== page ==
YouTube announces violating video viewership indicators

YouTube has released a Violative View Rate (VVR), an indicator of how much video violating the policy is being watched on YouTube. YouTube claims that YouTube videos are improving through the trend of falling VVR.

The VVR is released as part of the quarterly measured transparency report. VVR determines whether a content reviewer violates YouTube policies for samples taken from videos published on YouTube, and calculates by measuring the number of times each video is viewed. However, because the policy changes and whether or not the video is violated, the VVR changes somewhat depending on the season.

In fact, if you look at the chart showing the VVR trend from the 4th quarter of 2017 to the 4th quarter of 2020, the VVR has been decreasing over the three years. According to YouTube, VVR in the fourth quarter of 2017, immediately after the introduction of machine learning, fell to around 0.7% in the fourth quarter of 2017, compared to 0.16% in the fourth quarter of 2020. YouTube explained that the reduction in VVR by more than 70% compared to the fourth quarter of 2017 was due to the effect of machine learning.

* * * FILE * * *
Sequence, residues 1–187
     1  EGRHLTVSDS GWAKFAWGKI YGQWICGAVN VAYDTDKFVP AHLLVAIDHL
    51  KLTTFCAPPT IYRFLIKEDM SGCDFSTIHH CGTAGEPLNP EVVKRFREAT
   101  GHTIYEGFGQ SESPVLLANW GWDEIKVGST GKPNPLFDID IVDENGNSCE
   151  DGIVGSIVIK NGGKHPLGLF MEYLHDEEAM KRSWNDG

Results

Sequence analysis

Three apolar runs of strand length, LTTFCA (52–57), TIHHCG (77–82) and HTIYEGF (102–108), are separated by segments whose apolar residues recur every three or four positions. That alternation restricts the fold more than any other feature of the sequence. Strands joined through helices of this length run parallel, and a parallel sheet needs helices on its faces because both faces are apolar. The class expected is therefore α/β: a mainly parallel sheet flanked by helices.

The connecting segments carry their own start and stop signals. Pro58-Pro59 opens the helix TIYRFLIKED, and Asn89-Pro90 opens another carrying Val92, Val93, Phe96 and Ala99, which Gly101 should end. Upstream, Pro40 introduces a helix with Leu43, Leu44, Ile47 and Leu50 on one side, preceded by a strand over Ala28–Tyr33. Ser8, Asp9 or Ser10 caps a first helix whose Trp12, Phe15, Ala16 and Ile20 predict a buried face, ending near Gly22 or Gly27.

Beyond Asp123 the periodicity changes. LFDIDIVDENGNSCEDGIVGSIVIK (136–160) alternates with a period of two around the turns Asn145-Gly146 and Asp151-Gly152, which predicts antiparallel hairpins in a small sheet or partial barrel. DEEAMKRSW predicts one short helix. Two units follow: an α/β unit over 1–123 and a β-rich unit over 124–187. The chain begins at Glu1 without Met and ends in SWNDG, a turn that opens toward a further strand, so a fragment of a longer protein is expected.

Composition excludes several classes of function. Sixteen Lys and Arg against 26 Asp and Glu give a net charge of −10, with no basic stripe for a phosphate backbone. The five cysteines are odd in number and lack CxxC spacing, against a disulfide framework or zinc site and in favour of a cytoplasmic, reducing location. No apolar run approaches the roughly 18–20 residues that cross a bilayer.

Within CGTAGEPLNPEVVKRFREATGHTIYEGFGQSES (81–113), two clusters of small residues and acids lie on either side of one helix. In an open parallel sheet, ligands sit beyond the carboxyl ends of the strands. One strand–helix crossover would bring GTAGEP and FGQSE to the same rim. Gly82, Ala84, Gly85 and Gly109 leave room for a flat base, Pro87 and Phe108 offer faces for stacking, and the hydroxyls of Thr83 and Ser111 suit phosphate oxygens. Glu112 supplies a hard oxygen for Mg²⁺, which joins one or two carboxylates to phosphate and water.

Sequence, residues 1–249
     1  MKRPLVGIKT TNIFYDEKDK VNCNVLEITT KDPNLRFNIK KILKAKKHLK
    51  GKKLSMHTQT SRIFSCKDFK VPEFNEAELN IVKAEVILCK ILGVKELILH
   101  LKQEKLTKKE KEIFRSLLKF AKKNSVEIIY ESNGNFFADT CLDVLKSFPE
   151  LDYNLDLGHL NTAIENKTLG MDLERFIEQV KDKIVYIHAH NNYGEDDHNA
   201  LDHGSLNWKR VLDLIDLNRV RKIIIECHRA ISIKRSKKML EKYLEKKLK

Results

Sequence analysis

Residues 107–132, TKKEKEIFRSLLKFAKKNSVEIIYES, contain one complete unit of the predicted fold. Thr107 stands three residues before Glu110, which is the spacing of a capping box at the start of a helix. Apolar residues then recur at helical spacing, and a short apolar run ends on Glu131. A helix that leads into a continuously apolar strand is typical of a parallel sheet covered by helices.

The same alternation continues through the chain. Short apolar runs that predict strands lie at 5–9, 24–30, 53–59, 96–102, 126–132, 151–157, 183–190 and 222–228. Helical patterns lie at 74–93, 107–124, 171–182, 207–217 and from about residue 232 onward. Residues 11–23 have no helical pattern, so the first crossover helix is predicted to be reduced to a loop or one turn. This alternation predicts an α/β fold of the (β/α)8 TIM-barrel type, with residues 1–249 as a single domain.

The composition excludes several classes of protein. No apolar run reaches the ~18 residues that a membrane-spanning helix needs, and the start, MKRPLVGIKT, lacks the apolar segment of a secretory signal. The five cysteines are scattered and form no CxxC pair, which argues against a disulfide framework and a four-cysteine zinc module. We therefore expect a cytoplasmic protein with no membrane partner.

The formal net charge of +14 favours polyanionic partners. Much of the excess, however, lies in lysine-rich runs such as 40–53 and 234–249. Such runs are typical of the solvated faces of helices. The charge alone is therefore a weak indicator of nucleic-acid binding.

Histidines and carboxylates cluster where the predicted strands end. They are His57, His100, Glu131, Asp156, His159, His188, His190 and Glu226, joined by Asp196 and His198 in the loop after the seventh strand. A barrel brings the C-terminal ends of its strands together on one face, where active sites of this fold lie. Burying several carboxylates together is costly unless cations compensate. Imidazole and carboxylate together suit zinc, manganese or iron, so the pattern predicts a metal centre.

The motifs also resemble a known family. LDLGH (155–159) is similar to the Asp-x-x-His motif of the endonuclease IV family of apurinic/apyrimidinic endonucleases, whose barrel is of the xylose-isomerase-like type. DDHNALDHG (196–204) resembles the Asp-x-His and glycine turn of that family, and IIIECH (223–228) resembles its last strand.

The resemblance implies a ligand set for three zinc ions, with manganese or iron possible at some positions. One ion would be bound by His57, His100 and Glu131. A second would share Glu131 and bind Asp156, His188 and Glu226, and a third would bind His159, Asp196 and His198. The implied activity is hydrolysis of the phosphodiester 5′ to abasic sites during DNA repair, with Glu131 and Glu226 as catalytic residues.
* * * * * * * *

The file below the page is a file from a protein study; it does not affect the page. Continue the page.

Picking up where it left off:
However, in the case of content that is not deleted according to the violation, such as videos that do not violate the community guidelines even though the YouTube advertisement guidelines are violated, VVR is not affected. Also, it is not considered that it is ambiguous whether or not a rule is violated. Therefore, VVR does not accurately reflect whether or not content that violates the policy is absolutely excluded from YouTube.

YouTube videos are viewed billions of times a day, so it is practically impossible to grasp the full picture. YouTube is the best way for VVR to understand the impact of harmful content on viewers and where to improve. YouTube said that YouTube will fulfill its responsibilities to protect users from videos that VVR is harmful to YouTube. Related information can be found here.



Through the monthly AHC PC and HowPC magazine era, he has watched 'technology age' in online IT media such as ZDNet, electronic newspaper Internet manager, editor of Consumer Journal Ivers, TechHolic publisher, and editor of Venture Square. I am curious about this market that is still full of vitality.

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